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Optical Analyses of Burning Processes of Recycled Plastic-Resin Powder
Ryuji Yamakita, Yojiro Ishino and Norio Ohiwa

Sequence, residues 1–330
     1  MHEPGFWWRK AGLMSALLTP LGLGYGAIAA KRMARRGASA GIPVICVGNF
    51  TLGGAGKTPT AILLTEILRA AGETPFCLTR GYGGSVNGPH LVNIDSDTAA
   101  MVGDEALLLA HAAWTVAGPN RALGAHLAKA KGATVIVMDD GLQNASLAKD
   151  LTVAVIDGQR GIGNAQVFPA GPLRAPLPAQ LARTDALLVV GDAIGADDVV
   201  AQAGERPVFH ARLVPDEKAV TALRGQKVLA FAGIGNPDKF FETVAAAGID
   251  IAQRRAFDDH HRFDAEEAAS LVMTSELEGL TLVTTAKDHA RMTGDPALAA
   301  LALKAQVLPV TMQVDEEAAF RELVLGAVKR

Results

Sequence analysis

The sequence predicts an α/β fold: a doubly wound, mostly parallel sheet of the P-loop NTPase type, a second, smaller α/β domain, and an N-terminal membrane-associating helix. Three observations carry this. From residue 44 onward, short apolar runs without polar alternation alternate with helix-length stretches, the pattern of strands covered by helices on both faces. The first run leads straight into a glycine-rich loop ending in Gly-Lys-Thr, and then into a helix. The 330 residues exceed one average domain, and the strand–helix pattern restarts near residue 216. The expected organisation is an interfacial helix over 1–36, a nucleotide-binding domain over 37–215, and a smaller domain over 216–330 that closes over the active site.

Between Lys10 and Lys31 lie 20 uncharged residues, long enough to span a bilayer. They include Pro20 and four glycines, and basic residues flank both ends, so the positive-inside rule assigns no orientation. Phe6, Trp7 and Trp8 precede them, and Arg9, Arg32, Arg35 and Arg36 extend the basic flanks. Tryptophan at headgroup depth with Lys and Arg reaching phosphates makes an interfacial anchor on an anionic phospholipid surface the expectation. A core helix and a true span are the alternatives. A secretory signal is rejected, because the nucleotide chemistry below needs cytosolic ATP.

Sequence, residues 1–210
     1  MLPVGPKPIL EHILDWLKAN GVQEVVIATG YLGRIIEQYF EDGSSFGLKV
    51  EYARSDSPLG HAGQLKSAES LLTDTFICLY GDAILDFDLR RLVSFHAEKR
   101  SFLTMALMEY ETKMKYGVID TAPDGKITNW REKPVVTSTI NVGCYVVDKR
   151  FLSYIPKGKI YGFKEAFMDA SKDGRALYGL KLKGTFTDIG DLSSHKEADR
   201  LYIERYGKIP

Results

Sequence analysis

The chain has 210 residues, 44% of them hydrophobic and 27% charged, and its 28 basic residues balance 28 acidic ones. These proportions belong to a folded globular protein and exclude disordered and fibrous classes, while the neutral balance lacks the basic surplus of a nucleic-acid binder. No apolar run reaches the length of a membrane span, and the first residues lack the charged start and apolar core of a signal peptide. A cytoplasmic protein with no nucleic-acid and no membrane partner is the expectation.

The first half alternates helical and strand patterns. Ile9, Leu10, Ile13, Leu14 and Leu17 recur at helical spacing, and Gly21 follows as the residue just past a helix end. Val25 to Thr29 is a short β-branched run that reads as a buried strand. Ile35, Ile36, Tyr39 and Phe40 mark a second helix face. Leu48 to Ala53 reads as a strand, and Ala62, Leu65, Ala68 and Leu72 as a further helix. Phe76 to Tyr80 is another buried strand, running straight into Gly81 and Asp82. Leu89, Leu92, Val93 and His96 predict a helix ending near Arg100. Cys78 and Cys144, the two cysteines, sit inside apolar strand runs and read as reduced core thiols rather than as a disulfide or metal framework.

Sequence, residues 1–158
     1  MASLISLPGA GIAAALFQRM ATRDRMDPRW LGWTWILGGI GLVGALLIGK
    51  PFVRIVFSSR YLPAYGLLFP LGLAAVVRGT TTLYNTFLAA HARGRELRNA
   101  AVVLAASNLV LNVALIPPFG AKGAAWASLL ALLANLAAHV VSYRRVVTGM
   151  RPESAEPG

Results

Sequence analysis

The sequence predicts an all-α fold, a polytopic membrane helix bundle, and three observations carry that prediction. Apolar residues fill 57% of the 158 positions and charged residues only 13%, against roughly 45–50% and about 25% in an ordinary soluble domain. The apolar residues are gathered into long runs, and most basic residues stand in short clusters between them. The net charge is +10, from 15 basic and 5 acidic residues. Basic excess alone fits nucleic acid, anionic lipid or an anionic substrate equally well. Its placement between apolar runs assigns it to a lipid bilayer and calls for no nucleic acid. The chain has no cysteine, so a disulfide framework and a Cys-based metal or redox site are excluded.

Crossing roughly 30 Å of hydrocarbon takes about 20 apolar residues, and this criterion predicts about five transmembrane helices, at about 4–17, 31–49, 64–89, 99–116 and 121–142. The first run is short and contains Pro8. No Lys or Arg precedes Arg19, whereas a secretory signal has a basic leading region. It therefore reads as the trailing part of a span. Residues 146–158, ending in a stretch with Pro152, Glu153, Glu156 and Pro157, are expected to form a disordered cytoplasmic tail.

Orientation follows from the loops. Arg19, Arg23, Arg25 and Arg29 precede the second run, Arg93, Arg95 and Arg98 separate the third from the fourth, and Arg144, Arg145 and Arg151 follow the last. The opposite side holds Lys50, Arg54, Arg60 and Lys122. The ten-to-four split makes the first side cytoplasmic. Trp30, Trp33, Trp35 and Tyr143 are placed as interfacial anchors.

The possibility and applicability of thermal recycling of recycled plastic resin for the industrial burner systems have been investigated by using polyethylene terephthalate resin powder (abbreviated to “PET powder” in the following) as an auxiliary fuel to an improved commercial LPG-fueled ceramic burner. The results showed that a large amount of PET powder up to 80 % is exhausted without burn-up in the open cold atmospheric operation, whereas it is perfectly consumed in the in-furnace operation. In this paper, to obtain some key reasons why a large amount of PET powder is emitted without burn-up in the cold open operation of the industrial burner and to minimize the amount of the unburnt PET powder, the interrelation between the flow pattern and the dispersion profiles of PET powder in and downstream of the burner is examined by employing the PIV/PTV system. Appearances and diameters of PET particles flying through the combustion zone are then observed using the proposed technique. The heating processes of a micro spherical PET particle exposed suddenly to high temperature combustion gas downstream of a propane-air lean premixed flame are also observed by combining a high-speed CCD video camera with a microscope. According to the results and considerations, the possibility of thermal recycling of recycled plastic resin as an auxiliary fuel is presented.

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